Two-year clinical outcomes of the “Italian diffuse/multivessel disease absorb prospective registry” (IT-DISAPPEARS)

Marco De Carlo, Luca Testa, Massimo Leoncini, Elisa Nicolini, Ferdinando Varbella, Bernardo Cortese, Flavio Ribichini, Antonio L. Bartorelli, Paolo Calabria, Ciro Indolfi, Fabrizio Tomai, Bruno Loi, Dionigi Fischietti, Giuseppe Tarantini, Francesco Bedogni, A. Sonia Petronio

Research output: Contribution to journalArticlepeer-review

Abstract

Background: Large prospective studies on the use of bioresorbable vascular scaffolds (BVS) for diffuse coronary artery disease are lacking. IT DISAPPEARS is a large multicentre prospective registry investigating the short and long-term outcomes of everolimus-eluting BVS in patients with long coronary lesions and/or multivessel coronary artery disease (ClinicalTrials.gov: NCT02004730). We hereby report the 2-year outcomes of the registry. Methods: We enrolled 1002 patients with complex lesions undergoing implantation of 2040 BVS with a prespecified technique including predilation, correct sizing, and postdilation with non-compliant balloons. The primary endpoint was the rate of device-oriented composite endpoint (DOCE), consisting of cardiac death, target vessel-related myocardial infarction (MI), and ischaemia-driven target lesion revascularization (TLR). Secondary endpoints included: 1) patient-oriented composite endpoint (POCE), consisting of all-cause mortality, all infarctions and all revascularisations; 2) definite/probable scaffold thrombosis. Results: Clinical presentation was an acute coronary syndrome in 59.8% of patients. Total BVS length implanted was 47 ± 22 mm. Postdilation of all scaffolds per patient was performed in 96.8%, while optimal implantation as per study guidelines was applied in 71.4%. Through 2-year follow-up, DOCE occurred in 9.5% of patients (cardiac death 0.6%, target vessel-related MI 5.3%, TLR 6.6%). The rate of POCE was 16.6% and of scaffold thrombosis 1.1%. Female gender, total length of coronary lesions, treatment of bifurcation lesions and use of 2.5 mm scaffolds were independent predictors of DOCE. Conclusions: The 2-year results of IT-DISAPPEARS show that BVS may yield acceptable clinical outcomes in patients with complex coronary lesions when the implantation technique is appropriate.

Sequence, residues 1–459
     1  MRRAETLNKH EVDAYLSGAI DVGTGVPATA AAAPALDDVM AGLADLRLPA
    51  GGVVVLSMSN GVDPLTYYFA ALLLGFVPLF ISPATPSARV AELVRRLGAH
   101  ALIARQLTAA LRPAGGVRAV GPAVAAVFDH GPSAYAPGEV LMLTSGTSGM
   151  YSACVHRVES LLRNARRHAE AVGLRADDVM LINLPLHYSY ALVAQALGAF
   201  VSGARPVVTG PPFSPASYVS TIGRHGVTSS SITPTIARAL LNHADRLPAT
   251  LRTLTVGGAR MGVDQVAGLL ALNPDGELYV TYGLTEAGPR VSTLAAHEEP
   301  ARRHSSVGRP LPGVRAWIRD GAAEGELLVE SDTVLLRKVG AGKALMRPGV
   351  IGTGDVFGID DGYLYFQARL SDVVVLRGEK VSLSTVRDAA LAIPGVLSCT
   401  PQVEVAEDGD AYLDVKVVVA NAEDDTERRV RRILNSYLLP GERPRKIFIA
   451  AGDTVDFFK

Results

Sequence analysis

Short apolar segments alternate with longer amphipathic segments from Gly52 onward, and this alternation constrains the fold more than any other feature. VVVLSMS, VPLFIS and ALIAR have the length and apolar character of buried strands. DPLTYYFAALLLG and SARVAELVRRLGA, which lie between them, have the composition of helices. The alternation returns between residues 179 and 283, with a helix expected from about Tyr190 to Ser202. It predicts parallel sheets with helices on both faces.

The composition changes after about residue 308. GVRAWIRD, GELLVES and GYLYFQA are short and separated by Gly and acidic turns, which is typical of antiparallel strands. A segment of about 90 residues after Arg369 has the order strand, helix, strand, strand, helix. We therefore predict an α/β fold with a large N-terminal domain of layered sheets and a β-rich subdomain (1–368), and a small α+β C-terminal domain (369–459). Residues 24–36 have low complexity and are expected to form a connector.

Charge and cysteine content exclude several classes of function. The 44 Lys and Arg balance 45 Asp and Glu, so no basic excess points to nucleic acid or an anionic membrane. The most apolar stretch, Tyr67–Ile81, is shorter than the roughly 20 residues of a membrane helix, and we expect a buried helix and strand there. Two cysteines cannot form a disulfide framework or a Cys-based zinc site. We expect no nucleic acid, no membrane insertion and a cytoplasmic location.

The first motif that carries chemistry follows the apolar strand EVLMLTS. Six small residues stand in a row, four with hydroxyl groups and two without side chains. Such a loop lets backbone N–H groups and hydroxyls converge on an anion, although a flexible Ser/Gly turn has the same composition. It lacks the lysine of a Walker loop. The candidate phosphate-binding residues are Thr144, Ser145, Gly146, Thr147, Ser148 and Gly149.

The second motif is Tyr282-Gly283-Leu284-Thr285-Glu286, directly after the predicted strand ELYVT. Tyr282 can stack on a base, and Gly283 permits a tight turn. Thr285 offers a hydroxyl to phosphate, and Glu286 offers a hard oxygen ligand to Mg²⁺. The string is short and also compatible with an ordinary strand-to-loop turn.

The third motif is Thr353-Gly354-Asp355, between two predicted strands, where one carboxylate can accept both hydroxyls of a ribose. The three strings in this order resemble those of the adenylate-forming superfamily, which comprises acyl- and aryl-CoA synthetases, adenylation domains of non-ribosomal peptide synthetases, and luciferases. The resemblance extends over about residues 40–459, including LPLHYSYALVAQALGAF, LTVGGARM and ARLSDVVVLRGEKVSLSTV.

Original languageEnglish
Pages (from-to)21-26
Number of pages6
JournalInternational Journal of Cardiology
Volume290
DOIs
Publication statusPublished - Sep 1 2019

Keywords

  • Bioresorbable scaffolds
  • Diffuse coronary artery disease
  • Multiple vessel disease

ASJC Scopus subject areas

  • Cardiology and Cardiovascular Medicine

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